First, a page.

Taylor Made For Snooker

He’s the undisputed king of the oche, dominant with a dart for over 20 years. But when he’s not looking for his next nine-dart finish, don’t be too surprised if you see Phil ‘The Power’ Taylor glued to the snooker.

By Nick Teale

The 53-year-old is a regular at the Crucible and boasts a high-break of 64. It is a passion which stemmed from watching legends of the baize like Steve Davis and Stephen Hendry, and nowadays Taylor can find it a struggle to put down his cue after hours at the table.

“I am a massive fan of snooker,” he said. “I love snooker, always have loved snooker and playing snooker. I have to not play snooker because I am in there too long! I have gone in to play snooker before at 11 o’clock in the morning and not come out until 11 o’clock the next day, and not even known I have been in the room; I love it.

“I can watch a lot more now because I have got an iPad and I can watch it on there. I really enjoy it.

“During the 70s and 80s snooker was getting bigger and bigger, and Steve Davis had broken through which made the game better. I love winners so I loved watching Steve, and Stephen Hendry when he broke through. I love thinking of the shots. I try and think of the shot they would play but then I would watch Steve do something different and I’d think ‘I never thought of screwing off that cushion’. It’s like a game of chess.

“My highest break was 64, and then I missed the easiest pot on a red you’ll ever see in your life. I have the utmost respect for these lads when they knock in a 147, or anything over 100 – that is fantastic.”

You’d have to combine the World Championship wins of Stephen Hendry, Steve Davis and Ronnie O’Sullivan to be able to bring more world titles to the table than Taylor’s 16.

Taylor is accustomed to being the spectacle at the World Darts Championship. Just like O’Sullivan he is far from the only attraction, but he is the name on everybody’s lips, the man people want to see, and the man fans expect to win the world title year-on-year.

“You either do or you don’t feel that pressure,” he said when asked about dealing with the weight of expectation.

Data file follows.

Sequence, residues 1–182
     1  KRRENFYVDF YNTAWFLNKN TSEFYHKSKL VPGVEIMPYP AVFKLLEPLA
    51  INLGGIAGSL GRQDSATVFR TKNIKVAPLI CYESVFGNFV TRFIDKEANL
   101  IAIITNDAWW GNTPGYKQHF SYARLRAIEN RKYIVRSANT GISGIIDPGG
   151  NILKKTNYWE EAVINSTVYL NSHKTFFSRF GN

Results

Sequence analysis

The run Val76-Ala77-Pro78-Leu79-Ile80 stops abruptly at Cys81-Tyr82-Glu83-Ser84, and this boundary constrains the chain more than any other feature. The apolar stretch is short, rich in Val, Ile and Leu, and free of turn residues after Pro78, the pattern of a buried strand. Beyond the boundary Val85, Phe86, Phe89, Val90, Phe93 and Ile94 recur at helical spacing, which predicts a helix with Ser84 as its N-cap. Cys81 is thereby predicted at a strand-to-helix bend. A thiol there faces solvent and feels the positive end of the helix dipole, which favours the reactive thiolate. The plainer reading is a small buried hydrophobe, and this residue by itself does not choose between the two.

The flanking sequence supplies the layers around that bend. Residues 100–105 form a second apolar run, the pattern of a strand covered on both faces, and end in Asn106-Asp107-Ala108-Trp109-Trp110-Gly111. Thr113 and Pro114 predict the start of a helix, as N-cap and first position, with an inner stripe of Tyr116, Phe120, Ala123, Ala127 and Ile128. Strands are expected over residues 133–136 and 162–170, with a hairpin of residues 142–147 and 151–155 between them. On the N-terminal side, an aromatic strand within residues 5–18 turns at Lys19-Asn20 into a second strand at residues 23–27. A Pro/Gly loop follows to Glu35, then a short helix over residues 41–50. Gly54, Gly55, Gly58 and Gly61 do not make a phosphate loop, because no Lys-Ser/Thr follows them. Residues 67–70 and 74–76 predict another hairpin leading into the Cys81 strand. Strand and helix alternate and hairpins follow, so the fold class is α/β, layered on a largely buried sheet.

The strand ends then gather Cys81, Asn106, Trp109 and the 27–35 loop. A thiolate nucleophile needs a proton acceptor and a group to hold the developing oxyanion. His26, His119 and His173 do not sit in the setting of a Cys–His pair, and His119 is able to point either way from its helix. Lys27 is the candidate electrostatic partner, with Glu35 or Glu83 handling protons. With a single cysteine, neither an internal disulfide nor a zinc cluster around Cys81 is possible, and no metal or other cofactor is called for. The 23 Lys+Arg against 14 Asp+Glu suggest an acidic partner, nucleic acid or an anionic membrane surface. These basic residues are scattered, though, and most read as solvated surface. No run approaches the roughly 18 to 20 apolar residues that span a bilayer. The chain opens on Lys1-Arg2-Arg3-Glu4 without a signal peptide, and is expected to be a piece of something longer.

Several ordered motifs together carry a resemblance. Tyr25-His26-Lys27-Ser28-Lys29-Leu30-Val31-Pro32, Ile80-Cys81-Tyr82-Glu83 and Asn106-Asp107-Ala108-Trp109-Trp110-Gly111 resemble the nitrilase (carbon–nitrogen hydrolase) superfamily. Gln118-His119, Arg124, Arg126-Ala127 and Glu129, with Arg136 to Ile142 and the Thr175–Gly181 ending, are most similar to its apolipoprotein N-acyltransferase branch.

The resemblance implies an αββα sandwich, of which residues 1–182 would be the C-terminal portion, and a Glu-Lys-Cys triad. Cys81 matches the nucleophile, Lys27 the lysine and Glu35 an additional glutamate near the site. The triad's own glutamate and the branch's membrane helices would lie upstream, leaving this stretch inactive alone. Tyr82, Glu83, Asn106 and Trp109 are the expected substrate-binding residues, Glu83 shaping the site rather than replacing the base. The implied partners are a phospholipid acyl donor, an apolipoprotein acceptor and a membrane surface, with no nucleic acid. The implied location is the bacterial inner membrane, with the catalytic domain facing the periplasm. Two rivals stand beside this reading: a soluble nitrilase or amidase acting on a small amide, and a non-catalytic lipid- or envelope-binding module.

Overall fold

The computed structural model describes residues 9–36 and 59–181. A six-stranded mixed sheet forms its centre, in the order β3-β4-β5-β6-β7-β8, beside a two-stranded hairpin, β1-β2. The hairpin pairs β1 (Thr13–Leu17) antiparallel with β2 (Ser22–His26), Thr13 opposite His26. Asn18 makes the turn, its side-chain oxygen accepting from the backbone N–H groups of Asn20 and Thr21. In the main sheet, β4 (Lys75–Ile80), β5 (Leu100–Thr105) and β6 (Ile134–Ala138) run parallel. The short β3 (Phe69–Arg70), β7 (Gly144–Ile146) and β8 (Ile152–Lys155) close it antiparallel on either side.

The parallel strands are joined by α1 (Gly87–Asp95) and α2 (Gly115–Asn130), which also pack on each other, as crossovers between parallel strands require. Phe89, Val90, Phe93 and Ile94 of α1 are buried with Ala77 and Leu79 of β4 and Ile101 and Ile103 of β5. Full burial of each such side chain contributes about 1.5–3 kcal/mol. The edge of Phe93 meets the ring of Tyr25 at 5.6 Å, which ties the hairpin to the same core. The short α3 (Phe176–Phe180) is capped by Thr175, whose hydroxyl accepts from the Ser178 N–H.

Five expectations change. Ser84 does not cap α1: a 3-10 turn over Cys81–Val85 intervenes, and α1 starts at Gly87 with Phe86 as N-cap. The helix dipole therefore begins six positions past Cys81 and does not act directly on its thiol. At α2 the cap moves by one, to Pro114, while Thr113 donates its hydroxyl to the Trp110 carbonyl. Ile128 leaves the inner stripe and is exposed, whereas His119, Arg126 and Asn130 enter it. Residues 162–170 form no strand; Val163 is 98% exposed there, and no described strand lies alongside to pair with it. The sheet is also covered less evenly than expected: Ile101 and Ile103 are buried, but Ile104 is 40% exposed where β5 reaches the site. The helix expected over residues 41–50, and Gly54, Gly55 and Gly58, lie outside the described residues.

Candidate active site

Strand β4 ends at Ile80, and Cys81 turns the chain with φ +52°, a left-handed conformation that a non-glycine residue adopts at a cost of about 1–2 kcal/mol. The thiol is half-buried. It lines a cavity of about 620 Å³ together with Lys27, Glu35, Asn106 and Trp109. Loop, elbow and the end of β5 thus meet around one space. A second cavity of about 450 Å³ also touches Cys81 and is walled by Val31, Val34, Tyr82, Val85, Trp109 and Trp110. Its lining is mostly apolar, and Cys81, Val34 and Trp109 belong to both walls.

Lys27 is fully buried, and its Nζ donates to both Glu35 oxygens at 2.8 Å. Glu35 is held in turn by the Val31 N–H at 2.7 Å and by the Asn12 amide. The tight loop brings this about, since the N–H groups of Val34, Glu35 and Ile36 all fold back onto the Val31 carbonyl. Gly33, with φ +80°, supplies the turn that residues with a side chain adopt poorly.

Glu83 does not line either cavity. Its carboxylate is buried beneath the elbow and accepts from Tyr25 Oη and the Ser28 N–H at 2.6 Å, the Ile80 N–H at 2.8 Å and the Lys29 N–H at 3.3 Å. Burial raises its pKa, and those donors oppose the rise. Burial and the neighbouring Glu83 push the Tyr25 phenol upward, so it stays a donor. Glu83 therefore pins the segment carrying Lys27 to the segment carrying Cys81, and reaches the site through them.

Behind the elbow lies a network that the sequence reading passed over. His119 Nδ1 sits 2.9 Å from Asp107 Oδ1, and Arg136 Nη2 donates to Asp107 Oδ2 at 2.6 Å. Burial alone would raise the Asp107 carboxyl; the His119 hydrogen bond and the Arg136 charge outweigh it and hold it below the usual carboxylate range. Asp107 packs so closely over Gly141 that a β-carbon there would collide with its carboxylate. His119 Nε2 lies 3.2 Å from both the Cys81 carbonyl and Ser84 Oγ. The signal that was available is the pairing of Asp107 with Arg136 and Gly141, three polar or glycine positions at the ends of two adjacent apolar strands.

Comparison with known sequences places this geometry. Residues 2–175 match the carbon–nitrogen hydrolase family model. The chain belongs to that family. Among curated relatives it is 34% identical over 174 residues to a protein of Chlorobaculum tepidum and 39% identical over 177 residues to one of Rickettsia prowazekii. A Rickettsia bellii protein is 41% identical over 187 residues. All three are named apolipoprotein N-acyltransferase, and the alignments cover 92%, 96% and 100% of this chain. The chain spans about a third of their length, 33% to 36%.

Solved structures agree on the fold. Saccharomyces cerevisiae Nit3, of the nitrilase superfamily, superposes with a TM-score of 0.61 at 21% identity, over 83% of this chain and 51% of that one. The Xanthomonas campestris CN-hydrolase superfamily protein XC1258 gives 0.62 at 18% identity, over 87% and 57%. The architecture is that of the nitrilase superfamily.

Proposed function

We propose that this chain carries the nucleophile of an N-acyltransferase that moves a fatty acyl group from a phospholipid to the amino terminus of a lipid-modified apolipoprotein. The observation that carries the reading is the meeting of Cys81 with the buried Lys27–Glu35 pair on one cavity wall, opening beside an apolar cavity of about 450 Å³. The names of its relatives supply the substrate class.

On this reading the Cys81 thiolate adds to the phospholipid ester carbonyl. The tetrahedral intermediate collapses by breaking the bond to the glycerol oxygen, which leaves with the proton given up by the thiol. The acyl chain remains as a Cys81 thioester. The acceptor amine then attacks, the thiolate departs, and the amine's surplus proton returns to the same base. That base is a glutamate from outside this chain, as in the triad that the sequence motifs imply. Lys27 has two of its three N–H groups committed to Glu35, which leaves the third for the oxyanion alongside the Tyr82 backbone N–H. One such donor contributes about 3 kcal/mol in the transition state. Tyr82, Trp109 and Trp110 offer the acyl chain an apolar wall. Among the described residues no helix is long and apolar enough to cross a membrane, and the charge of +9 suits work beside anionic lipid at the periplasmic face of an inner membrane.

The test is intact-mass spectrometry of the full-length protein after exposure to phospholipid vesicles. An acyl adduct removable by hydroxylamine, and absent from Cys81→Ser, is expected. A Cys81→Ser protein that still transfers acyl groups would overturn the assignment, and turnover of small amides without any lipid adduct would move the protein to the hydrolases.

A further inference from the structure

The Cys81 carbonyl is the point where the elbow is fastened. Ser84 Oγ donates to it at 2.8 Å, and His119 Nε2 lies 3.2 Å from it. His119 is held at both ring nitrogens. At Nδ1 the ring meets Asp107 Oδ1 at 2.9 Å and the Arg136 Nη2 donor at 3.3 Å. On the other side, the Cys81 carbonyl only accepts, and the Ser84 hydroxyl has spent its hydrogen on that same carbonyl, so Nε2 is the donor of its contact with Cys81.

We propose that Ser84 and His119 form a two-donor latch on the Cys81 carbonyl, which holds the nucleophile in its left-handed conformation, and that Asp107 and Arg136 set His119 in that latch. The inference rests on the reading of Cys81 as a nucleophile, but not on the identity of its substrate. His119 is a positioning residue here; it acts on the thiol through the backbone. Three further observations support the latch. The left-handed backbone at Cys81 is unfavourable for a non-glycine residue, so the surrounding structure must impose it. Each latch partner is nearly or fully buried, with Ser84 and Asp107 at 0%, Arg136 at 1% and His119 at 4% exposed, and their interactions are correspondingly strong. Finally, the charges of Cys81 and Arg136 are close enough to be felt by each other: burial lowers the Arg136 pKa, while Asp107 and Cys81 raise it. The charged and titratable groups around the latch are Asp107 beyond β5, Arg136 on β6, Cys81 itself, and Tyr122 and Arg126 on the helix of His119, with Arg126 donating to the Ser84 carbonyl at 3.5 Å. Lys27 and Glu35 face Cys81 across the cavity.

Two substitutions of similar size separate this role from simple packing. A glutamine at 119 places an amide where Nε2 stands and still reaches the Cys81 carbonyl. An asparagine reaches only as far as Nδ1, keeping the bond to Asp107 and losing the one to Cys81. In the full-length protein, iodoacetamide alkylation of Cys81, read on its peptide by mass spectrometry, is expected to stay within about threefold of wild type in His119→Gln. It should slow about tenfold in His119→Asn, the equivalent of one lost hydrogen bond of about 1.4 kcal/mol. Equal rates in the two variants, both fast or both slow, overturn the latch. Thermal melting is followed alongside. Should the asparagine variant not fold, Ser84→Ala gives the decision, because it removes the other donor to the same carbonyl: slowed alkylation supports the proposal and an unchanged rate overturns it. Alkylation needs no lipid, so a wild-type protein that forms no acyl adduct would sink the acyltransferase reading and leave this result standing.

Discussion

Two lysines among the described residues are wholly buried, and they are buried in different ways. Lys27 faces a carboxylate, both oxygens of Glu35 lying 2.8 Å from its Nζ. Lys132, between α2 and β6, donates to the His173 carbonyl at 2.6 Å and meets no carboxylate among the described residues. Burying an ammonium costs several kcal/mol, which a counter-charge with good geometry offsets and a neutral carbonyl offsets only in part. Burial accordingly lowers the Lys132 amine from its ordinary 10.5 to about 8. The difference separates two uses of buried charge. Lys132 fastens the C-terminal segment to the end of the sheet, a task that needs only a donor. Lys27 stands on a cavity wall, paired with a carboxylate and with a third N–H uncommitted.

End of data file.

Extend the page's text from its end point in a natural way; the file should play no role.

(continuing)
“There have been tournaments where I haven’t felt the pressure and just gone straight through and won the tournament. Other times I have been beaten first round and felt awful, I have felt like I had never thrown a dart in my life. It depends on the day, it really does.

“You can get up in the morning and feel a million dollars and know you are going to win, another time you might not feel it and then you don’t perform.

“Ronnie has massive, massive talent, that goes without saying, and I enjoy his winning mentality. I don’t always believe everything he says – when he says he hasn’t been practicing, I don’t always believe it! But he inspires me now.”

To walk into the World Darts Championship Final at Alexandra Palace is, in many ways, incomparable to walking into the Crucible on the evening of the early May Bank Holiday. The party atmosphere generated by the bright lights and the thousands of spectators chanting loudly is in contrast to the could-hear-a-pin-drop tension of the World Snooker Championship final. However, Taylor can see the likenesses between the annual showpiece finale of each sport’s season.

“How does it compare to the Alexandra Palace? In the final it is very similar,” he considers. “It is a smaller crowd at the Crucible, a different arena all together, but the atmosphere you could cut with a knife. It is very tinderbox-like, and everybody is excited because it is the final – very similar to the World Darts Finals in that sense. I’ve been to the Crucible many times and I always enjoy it.”

Over the past few years, the World Snooker schedule has seen more and more events added to the line-up, treating fans to a near-12 month season of action. It’s something they are well used to on the Professional Darts Corporation (PDC) tour. Having witnessed first-hand the rapid growth of darts, Taylor is convinced the busier World Snooker season will see the sport enter its best ever era.

“There is one thing which makes any sport progress and any sport get bigger, and that is TV,” he said. “The more tournaments that you can get on TV the more it is going to progress and more people are going to want to play the sport.

“With the amount of tournaments on TV nowadays, everybody is talking about those sports, be it football, golf, cricket, snooker or darts. It is about getting people to talk about it, the national newspapers to write about it, and getting people to watch it.

“Barry has a vision, that is for sure. I know what he does and how hard he works and how much travelling he does. Can snooker get as big as it was in the 80s? Probably, but I think it will be worldwide this time and not just in England; I think it will be massive all over the world.”